KABUL, Sept 20 (Reuters) - Afghan President Hamid Karzai will work with U.S. President George W. Bush at a meeting later this month to find ways to reduce civilian casualties, the foreign minister said on Saturday.
Many in Afghanistan are angry over an increase in civilian casualties in recent weeks and it has led to a rift between Karzai’s government and its Western backers before a Sept. 26 meeting between Bush and Karzai in Washington.
“We have to look together to find a mechanism and procedure to reduce the number of civilian casualties,” Foreign Minister Rangeen Dadfar Spanta told Reuters in an interview.
Spanta said military operations by Afghan rather than foreign troops would reduce civilian casualties because they are less likely to be misled by local intelligence from tribal chieftains.
The minister also said he wanted more troops on the ground, an opinion shared by many coalition commanders. He did not say whether they should be foreign or Afghan troops.
“In this year, more than 50 percent of operations were implemented under the leadership of the Afghan national army. In each action of the Afghan national army the number of civilian casualties were equal to zero or very low,” Spanta said.
“Yes, because they understand the people, they understand the geography of this country. They will talk to the elders of the people. They understand better the tradition, they can check the information.”
Violence has surged in Afghanistan this year with nearly 3,000 people killed. It has also been the bloodiest summer for foreign troops since the U.S.-led invasion in late 2001.
In August, a U.S.-led coalition air strike in western Herat province killed more than 90 civilians, mostly women and children, the Afghan government and the United Nations said. The U.S. military is investigating the incident.
An increase in the use of air power has resulted in a high number of deaths in “opportunity” strikes when ground troops come under attack, a human rights group said.
In the first seven months of this year, at least 119 civilians were killed in air strikes, most in U.S.-led coalition raids, Human Rights Watch said in the report.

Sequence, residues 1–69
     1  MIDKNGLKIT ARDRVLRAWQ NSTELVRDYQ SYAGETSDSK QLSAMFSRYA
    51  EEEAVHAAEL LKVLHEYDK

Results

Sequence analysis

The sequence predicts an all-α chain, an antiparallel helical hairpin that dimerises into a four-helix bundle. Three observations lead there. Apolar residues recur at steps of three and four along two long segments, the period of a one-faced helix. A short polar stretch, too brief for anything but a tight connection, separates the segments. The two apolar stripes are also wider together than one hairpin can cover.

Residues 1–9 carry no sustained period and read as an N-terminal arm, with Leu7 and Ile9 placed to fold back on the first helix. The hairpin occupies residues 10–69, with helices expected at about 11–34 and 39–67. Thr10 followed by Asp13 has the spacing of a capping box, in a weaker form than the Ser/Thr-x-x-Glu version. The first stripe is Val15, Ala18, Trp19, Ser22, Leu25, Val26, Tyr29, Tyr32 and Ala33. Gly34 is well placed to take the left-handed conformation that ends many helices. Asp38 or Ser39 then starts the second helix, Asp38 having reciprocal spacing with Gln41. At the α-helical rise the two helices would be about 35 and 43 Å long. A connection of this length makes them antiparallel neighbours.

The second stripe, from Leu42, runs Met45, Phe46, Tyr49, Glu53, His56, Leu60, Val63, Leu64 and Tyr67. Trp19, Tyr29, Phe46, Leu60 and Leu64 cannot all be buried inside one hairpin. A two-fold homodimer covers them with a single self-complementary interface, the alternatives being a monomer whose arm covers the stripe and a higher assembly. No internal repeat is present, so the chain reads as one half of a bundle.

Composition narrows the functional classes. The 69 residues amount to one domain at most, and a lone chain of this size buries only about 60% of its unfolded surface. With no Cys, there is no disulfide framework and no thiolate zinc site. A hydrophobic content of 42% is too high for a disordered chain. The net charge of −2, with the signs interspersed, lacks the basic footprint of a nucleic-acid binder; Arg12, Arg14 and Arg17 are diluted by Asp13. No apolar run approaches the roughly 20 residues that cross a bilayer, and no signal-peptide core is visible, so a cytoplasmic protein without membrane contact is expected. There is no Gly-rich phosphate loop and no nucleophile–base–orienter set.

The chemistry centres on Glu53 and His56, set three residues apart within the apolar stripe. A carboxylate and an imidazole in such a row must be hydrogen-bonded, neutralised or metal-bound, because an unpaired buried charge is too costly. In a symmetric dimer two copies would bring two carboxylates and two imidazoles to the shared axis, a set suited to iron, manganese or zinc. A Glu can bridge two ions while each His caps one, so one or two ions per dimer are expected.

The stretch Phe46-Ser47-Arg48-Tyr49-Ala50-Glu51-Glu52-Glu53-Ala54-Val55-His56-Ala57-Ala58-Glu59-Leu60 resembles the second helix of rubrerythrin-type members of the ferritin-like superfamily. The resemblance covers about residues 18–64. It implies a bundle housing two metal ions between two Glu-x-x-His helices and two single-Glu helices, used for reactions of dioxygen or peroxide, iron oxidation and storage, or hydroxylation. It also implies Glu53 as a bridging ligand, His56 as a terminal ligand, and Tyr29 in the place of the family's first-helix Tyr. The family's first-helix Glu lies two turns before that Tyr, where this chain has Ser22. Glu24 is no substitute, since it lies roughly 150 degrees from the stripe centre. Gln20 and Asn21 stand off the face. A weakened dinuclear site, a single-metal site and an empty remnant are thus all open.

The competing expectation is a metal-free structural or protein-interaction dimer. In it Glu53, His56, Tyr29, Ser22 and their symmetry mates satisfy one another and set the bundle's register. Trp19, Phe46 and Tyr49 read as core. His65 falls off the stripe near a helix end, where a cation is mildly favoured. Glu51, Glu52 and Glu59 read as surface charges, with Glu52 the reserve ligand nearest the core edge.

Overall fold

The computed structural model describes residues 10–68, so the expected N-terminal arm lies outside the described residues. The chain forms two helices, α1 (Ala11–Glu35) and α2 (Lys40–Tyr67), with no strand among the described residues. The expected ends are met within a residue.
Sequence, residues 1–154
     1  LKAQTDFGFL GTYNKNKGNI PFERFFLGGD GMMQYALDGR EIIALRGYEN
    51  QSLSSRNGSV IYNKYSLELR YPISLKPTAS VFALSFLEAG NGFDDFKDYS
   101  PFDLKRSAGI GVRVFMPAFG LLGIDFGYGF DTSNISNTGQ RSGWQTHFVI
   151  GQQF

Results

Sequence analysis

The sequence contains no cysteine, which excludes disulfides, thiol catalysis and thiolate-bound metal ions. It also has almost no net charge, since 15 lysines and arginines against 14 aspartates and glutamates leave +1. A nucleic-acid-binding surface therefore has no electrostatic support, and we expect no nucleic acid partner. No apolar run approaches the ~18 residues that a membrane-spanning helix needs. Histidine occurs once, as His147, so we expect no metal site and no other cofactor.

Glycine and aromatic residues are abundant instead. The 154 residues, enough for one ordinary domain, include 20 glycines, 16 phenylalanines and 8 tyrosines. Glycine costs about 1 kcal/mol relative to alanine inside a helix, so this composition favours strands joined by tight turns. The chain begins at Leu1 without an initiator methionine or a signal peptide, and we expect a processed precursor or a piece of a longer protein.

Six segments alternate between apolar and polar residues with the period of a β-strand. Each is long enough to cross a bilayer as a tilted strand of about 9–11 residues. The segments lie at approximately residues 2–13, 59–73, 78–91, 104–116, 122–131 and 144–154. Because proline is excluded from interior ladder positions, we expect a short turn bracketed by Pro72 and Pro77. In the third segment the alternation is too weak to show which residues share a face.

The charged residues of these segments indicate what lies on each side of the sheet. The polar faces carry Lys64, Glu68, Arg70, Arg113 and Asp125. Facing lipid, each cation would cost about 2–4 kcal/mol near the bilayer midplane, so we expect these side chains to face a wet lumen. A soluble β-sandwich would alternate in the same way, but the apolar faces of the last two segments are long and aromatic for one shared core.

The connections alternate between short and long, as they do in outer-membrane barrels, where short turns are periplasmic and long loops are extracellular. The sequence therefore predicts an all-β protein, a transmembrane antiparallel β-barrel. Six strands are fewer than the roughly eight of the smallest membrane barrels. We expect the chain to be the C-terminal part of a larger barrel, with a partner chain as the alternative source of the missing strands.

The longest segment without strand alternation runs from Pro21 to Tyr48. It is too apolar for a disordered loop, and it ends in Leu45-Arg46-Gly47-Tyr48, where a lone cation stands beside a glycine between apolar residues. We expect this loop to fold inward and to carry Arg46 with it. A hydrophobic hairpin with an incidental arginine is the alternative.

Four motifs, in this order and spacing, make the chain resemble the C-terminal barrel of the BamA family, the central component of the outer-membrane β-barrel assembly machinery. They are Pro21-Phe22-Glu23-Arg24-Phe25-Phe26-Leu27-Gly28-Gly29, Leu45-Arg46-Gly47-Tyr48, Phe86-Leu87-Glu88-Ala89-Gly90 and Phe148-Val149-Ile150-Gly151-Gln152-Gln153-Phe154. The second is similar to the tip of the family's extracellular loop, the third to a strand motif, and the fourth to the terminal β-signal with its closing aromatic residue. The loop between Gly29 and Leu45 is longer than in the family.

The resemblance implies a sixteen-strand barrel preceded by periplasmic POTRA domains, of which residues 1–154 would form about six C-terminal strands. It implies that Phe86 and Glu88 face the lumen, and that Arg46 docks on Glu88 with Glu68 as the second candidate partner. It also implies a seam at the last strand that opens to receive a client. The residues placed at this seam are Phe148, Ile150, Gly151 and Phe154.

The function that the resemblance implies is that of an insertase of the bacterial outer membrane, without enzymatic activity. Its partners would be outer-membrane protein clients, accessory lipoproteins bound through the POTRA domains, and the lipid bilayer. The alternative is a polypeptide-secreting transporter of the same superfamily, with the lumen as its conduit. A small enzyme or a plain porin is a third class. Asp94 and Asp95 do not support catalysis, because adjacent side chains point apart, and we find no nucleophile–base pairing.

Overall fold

“I think one of the problems is that the number of land troops is not enough to combat terrorism,” Spanta said.
“And sometimes they need to use more air force and as an end result you have a huge number of civilian casualties. We need more land troops to fight terrorism.”
The Karzai-Bush meeting also comes amid tension over stepped-up U.S. strikes against al Qaeda and Taliban militants in Pakistan’s border region with Afghanistan without the approval of Pakistan authorities.
“We have serious concerns about stability in the region, especially in Pakistan,” Spanta said.
The United States has stepped up attacks on militants in Pakistan with attacks by pilotless drones and a helicopter-borne ground assault this month to try to stop the resurgent Taliban.
The Afghan government says it supports the strikes.
“We lost more than six years. We had to start this process six years ago. We discussed that issue on different occasions with friends in the international community. We need to address the sources of terrorism,” Spanta said.
Pakistan President Asif Ali Zardari said on Saturday his government would not tolerate infringement of its territory in the name of the fight against militancy.
But Spanta also said Afghanistan was keen to improve relations, giving the new Pakistani civilian government time to rein in the military spy service (ISI) it blames for a car bomb attack on the Indian embassy in July.
“I hope that they can bring ISI under control. But our official position is, we don’t blame ISI or the military currently because we took the decision to have a demonstration of goodwill against Pakistan.” (Editing by Elizabeth Piper)